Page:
The Human Research Ethics Committee of Tasmania (H0015338) granted approval for the study.
There was little variance between survey responses to items from visitors to the Rural Art Roadshow across the 3 years (n = 145). Overall results showed there was a strong level of agreement that the exhibition was a welcome addition to the community and that they would encourage others to see it (Table 3). Community members also believed that the Rural Art Roadshow would help to promote conversations about mental health and reduce stigma in the community. Responses for each year were relatively low ranging from 43 to 54. Close to half the responses also contained written comments, with the majority providing positive feedback to what they had learned from the exhibition including the relationship between art and mental health and the importance of community discussion in promoting mental health awareness. Respondents also provided suggestions to improve the roadshow that included increased publicity, a broader range of artwork on display and more opportunities for discussion with artists (Table 4).
Twenty-three individual interviews (17.4% males) were conducted with artists. Two had been involved in the Rural Art Roadshow in 2015, 11 in 2016 and 10 in 2017. Of the 23 artists, seven (30%) had attended a Rural Art Roadshow opening. The art experience of the artists ranged from entrants who had not previously exhibited, through to artists that had showed work on multiple occasions. Three participants reported being carers for a family member with a mental illness, eight disclosed a mental health condition and 12 reported being ‘affected’ by a mental illness. Ten sub-themes were identified from the transcripts. These were then grouped into one of three major themes: community impact, social gain, and personal gain. A number of sub-themes related to more than one theme. For example, ‘creating conversations’ was associated with both the community impact and social gain. Connections and hypothesized relationships between themes are represented in Fig. 1.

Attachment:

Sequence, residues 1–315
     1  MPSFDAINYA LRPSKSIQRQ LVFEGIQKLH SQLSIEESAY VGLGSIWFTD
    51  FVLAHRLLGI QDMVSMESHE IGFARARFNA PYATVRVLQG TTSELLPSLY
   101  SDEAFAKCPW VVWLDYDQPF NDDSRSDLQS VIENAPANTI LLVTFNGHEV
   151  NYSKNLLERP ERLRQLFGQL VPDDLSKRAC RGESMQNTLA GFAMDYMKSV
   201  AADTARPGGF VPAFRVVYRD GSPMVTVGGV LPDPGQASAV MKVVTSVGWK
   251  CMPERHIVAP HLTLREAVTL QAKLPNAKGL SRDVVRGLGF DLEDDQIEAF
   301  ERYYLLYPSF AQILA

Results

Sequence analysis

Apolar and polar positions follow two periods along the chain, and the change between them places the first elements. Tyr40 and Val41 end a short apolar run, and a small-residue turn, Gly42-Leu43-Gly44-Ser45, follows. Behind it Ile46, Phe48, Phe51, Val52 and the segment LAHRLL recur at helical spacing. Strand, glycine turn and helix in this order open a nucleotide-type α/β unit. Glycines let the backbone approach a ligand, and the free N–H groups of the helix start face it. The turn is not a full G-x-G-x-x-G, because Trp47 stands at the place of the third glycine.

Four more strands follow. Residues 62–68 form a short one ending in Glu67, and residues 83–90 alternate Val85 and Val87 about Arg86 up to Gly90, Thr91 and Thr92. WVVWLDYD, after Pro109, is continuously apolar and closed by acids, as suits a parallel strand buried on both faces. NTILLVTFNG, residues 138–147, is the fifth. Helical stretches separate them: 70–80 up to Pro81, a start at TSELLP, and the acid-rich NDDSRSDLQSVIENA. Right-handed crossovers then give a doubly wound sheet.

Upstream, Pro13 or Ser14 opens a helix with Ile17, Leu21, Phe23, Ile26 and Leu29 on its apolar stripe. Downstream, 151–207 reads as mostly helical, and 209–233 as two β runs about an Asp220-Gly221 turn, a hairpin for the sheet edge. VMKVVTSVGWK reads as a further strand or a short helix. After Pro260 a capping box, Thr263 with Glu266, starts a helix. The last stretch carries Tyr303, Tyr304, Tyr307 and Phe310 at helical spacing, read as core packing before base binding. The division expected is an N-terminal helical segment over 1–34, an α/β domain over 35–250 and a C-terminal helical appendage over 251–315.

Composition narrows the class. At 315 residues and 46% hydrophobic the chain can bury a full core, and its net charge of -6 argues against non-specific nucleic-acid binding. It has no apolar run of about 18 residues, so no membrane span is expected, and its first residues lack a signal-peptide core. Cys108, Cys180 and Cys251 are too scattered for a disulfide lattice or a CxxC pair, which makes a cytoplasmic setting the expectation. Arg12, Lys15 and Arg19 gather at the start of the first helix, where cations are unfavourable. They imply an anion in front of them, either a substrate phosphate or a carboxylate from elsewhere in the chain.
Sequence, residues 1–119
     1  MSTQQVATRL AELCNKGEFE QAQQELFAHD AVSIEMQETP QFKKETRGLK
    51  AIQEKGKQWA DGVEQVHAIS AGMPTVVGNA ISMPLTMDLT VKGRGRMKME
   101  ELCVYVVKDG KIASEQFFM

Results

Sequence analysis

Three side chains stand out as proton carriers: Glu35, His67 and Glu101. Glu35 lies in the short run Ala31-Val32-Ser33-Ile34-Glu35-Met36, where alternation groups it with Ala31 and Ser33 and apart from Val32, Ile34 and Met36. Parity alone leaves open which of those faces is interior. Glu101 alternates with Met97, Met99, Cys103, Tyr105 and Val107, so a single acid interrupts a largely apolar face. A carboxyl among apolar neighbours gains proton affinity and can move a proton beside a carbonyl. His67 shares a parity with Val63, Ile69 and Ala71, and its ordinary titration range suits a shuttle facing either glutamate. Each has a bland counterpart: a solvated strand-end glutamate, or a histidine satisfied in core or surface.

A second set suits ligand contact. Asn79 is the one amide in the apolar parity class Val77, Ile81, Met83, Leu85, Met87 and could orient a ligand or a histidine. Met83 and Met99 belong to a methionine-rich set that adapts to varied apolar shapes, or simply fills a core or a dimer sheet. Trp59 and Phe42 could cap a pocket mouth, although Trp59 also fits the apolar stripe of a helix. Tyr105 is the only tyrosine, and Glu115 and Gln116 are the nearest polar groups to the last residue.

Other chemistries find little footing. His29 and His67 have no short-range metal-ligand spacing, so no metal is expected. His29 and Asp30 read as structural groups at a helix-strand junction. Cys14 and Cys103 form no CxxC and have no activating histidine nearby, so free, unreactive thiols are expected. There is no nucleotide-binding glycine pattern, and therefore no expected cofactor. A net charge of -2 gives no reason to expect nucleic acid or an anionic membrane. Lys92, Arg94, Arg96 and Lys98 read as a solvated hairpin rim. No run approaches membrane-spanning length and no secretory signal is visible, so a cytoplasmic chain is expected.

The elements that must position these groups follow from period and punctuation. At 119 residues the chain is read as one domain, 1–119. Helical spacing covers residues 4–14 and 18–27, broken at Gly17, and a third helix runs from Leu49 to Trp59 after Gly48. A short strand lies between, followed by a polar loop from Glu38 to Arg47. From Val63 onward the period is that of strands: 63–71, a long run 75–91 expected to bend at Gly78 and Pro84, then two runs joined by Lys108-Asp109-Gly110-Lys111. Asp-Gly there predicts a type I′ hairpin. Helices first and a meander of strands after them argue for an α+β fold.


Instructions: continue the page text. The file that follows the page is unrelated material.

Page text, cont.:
Artists discussed how they believed the Rural Art Roadshow had an impact on the community and this was represented by four sub-themes: community inclusion, engagement in rural communities, mental health promotion and mental health literacy.
According to artists, the exhibitions were well attended, as an inclusive environment for all community members, with openings attended by between 15 and 60 people. Artists also discussed how the event provided an opportunity for individuals who may have felt socially isolated to come into a safe community space and engage with others: